Mozilla Thimble preview
June 6, 2012 § 12 Comments
Later this month, we’ll be releasing Mozilla Thimble. Thimble is a simple web page editor combined with a series of ‘projects’ that help you learn the basics of HTML and CSS. The idea is to get people to learn basic web coding by just diving in and making something. Thimble projects make that easier by giving people guidance and a head start.
Thimble will go live just in time for our Summer Code Party campaign that kicks off on June 23. We want people using Thimble at their ‘kitchen table’ events, so I thought I should give people a preview of what’s coming.
The first thing you’ll see is a gallery of Thimble projects. The initial projects are designed to grab the interest of 8 – 14 year olds and to invite them to start making. We’ll be rolling out projects for older teens and adults later in the year.
As a part of this ‘interest grabbing’ approach, a number of the projects have been developed by organizations that already work with young people. This one is from the London Zoo. It teaches basic HTML and a bit about endangered species at the same time.
The Thimble interface itself is a simple side-by-side web page editor based on Code Mirror. The left pane is the code, and the right pane is the page preview rendered in real time.
The project pages are a mix of instructional comments and actual page elements. In the London Zoo Awesome Animal Builder project, the aim is to create your own species by combining image files from real endangered species that the Zoo wants you to learn about.
Here I was able to change the background of my species picture by changing the CSS class. As the code comments explain, I can choose between ‘ocean, rainforest or desert.’
If you’re new to HTML and CSS (that’s who this is aimed at), we’ve put in a bunch of features designed to help you if you get stuck with tasks like this. For example, you can click on any tag to get info on what it does.
Also, we’ve included pop-up hints that help you figure out what the right syntax is for a particular element.
After changing my CSS class (above), I then started moving different PNG files from different species into the frame with the question marks at the top of the page. These files are all given to me lower in the page along side info about the real endangered species. All I have to do is cut and paste the image URLs in order to build my animal.
And, voila! After moving a few more image URLS I now have a completed animal. I’ve also learned a) how headline tags work in HTML, b) the idea that CSS can be used to change the look of a major element of a page and c) that images in a web page are just references to a file somewhere on a server.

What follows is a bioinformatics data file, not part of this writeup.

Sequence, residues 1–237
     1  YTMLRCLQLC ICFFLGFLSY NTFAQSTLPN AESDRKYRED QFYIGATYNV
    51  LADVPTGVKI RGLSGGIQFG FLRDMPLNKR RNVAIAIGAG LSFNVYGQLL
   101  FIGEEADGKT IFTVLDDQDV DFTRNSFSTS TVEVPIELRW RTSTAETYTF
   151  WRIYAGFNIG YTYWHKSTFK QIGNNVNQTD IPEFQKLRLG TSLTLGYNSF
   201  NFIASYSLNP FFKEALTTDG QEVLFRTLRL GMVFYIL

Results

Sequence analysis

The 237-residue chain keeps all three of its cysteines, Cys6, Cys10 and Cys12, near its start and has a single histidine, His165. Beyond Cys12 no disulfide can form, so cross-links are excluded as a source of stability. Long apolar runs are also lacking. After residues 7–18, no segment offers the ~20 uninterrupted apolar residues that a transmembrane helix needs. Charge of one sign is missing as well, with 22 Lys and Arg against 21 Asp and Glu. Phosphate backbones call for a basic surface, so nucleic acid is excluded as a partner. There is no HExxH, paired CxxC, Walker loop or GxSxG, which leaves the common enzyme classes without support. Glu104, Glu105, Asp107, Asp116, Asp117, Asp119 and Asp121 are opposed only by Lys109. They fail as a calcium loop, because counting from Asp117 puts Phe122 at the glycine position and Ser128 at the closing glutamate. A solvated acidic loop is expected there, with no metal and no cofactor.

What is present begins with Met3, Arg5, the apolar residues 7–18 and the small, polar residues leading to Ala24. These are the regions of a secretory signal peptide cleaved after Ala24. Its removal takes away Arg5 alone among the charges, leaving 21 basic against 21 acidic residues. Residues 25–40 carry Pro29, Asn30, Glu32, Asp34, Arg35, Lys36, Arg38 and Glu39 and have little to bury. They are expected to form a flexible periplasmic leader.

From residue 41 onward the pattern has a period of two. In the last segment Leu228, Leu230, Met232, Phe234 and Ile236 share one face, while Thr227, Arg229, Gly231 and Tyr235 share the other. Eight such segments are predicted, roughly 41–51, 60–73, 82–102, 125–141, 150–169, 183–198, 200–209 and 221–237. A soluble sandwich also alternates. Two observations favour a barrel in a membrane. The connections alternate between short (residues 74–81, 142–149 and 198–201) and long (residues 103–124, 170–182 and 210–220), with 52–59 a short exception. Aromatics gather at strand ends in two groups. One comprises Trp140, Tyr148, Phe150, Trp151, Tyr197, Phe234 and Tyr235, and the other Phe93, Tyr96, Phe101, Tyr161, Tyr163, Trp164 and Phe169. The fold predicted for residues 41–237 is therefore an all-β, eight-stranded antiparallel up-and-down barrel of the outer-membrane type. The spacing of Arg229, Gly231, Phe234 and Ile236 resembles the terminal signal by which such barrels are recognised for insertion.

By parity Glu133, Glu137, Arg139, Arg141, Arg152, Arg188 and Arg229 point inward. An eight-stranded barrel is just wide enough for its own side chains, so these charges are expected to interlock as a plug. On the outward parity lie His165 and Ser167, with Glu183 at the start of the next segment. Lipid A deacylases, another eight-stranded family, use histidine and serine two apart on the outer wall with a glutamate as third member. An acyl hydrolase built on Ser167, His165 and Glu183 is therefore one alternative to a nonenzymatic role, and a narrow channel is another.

These may sound like small things to learn — but it’s exactly these small things we want people to start with. There are other projects in the gallery that deal with more advanced HTML and CSS topics. And, in a later release, anyone will be able to submit a project page to teach whatever aspect of web development tickles their fancy. Our hope is that Thimble can become a ‘Wikipedia of webmaking lessons’, which would be an awesome resource for the world to have.
Early next week, we’ll release a preview version of Mozilla Thimble to people who are organizing Summer Code Party events. Most of these events are small and short — just you at your kitchen table or in your living room teaching two or three people a bit about how to code for the web. If you want to organize an event like this (and see the Thimble preview), sign up here on the Mozilla Webmaker events site.
This is a great project, but if we’re going to be teaching people how to code, can we teach them how to respect a user’s potential bandwidth and data allowance constraints?
I notice your examples above are full of those code comments – I see these a lot, as well as self-hosted jQuery of which the site uses a fraction of the functionality and other wastes of data.
Broadband access is still not as ubiquitous as we might like, and increasing volumes of Internet traffic come from mobile devices on metered plans. We have to teach up and coming developers to care about these things, too.
This project is simply awesome, for persons who want to start html coding and web designing, this is going to be very helpful.
It will give a bunchstart who are interested in creating
What is the license of this projects? I’m asking thinking in localizing to other languages, is there a good way to make it? (like fork the zoo exercise and localize this)
Happy to see MDN content in the help pop-up. If there are ways we can make it more useful to Thimble, please get in touch.
@deimidisDeimidis: the license is MPL2. We’re definitely planning to do localization, likely later in the summer.
This is definitely gonna make a whole lot of things so easy. You guys should launch it sooner.
Looks marvellous! As an oldie who learned autocode in 1959 I will plunge into this one also.
Lovely. Will rock!
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Now i have no excuse to procrastinate learning Basic code –
hosted a series of Kitchen table events with friends and we now feel like Web Devs already lol
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[…] Ya sea sólo para mejorar un blog o para conceptualizar proyectos notables como la última obra maestra interactiva del New York Times, la programación es una habilidad valiosa para los periodistas. Hay una serie de recursos gratuitos para enseñarte los lenguajes de programación y diseño web. Puedes aprender HTML o CSS de forma práctica con el editor de páginas web Mozilla Thimble. […]